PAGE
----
June 22, 2009 12:03 PM
Recently, the State Public Service Commission announced that it would approve a big new power line on the Beltline. The City Council and I thought that was a bad idea. At our request, the City Attorney's Office fought that outcome before the PSC as hard as they could on our behalf.
The City argued that the American Transmission Company, the entity that will build the line, hadn't made a sufficient case that the line was needed, especially given reduced energy demand projections. After all, the line was first proposed years ago before the current deep recession. We also argued that the Beltline was an especially bad location given its impacts on Madison residential neighborhoods and businesses, the Arboretum and the Odana golf course. We said that if it had to be built there it should be placed underground.
The PSC rejected all those arguments, though they did provide for some lower poles and other mitigation at the Arboretum and Odana.
What was most disappointing in the PSC's decision were some of the comments by the commissioners. They said things to the effect that the Beltline was not an aesthetically pleasing place to begin with and that the line was better placed there then along the alternative route in rural southern Dane County. However, our concern was not so much about the impact of the power line from the roadway itself, but the visual impact on the Arboretum, the golf course, major new commercial buildings like the wonderful Arbor Gate complex, and residential neighborhoods that can't now see the Beltline but will certainly be in sight of the power line. What we are concerned about is not so much the view of the power line from the Beltline but the view of it from the neighborhoods, businesses and other places along the Beltline.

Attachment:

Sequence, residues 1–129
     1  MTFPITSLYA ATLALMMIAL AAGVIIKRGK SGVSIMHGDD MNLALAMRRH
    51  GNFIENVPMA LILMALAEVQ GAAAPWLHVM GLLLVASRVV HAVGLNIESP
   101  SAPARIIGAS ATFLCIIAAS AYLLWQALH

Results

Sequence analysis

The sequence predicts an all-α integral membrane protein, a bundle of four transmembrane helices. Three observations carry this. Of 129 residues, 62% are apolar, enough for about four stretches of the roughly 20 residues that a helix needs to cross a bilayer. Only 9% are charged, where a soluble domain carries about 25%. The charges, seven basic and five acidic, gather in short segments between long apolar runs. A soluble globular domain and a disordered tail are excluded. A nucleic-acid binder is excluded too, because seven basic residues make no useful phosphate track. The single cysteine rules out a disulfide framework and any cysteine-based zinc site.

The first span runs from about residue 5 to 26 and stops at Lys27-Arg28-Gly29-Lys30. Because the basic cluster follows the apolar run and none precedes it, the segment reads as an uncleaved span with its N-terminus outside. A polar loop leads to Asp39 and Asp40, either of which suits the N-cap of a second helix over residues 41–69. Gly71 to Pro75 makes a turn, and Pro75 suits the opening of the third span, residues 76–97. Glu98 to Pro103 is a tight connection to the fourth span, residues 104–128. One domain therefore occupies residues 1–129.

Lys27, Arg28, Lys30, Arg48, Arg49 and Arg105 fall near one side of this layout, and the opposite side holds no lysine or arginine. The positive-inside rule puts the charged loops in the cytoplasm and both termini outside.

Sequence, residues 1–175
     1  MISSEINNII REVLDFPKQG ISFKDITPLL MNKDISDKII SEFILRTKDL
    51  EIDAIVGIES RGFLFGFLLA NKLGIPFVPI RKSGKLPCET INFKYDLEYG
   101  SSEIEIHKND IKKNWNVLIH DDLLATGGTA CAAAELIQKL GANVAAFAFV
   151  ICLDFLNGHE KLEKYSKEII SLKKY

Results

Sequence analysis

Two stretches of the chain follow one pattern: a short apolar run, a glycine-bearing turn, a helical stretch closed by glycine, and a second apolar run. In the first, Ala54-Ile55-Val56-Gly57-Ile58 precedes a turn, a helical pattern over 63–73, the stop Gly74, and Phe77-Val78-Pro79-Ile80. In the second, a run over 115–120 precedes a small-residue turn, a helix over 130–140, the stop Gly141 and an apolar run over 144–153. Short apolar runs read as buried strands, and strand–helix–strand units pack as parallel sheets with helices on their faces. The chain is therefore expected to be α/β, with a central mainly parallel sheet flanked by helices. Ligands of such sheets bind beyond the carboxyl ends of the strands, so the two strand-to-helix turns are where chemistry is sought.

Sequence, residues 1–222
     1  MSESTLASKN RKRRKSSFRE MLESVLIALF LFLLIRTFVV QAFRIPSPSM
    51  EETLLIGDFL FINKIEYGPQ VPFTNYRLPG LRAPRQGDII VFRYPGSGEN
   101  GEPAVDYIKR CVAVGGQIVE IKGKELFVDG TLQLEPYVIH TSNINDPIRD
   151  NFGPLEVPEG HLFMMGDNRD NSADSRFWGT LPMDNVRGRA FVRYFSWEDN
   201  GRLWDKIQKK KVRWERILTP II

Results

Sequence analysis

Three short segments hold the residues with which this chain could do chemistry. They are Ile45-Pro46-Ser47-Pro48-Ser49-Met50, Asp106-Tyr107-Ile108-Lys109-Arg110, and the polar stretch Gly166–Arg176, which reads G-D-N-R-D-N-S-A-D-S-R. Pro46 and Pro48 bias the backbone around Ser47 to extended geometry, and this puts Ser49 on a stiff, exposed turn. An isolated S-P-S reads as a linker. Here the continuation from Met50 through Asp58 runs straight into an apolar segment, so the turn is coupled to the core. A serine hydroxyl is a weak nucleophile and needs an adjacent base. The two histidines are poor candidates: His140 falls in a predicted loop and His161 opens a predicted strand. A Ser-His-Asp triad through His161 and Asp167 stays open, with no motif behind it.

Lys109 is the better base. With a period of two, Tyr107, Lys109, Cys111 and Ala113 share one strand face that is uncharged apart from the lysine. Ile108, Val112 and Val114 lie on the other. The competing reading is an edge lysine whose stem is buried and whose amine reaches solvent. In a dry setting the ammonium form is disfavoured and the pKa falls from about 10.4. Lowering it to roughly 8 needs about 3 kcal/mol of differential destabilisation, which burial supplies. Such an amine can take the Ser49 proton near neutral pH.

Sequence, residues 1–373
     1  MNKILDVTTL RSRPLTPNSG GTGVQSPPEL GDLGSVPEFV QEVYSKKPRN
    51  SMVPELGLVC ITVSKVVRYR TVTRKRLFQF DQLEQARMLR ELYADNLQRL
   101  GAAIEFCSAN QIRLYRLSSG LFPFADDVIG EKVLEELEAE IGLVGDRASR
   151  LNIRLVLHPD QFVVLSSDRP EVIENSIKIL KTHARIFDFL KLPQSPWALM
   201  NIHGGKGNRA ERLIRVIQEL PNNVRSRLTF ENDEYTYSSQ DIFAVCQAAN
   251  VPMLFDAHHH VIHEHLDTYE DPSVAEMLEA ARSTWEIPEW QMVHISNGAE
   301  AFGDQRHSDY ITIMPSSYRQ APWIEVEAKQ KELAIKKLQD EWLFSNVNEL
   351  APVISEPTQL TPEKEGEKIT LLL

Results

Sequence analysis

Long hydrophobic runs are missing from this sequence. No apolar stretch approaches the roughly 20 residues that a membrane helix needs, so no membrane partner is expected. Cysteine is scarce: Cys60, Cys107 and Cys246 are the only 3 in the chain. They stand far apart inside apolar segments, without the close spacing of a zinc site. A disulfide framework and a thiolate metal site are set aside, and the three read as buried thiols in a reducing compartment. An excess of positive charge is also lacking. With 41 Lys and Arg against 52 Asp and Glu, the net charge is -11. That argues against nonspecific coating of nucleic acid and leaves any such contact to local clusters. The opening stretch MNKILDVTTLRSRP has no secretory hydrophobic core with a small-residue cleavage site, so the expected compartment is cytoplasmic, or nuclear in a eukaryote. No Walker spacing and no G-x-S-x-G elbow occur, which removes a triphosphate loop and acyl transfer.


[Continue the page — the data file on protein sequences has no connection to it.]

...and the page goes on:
Meanwhile, the commissioners went on about the need to preserve views of farmland. But in their effort to preserve some of those rural views they may end up destroying them in a far more profound way. By placing huge and expensive power line poles next to the Beltline the PSC has made it much more expensive to expand the Beltline should that ever become necessary. And there are those who are already pushing for a new South Beltline that would be constructed very near where that otherwise quiet power line would have gone. A power line certainly would have had some visual impacts on farmland, but those impacts are nothing compared to what a new six lane highway would cause.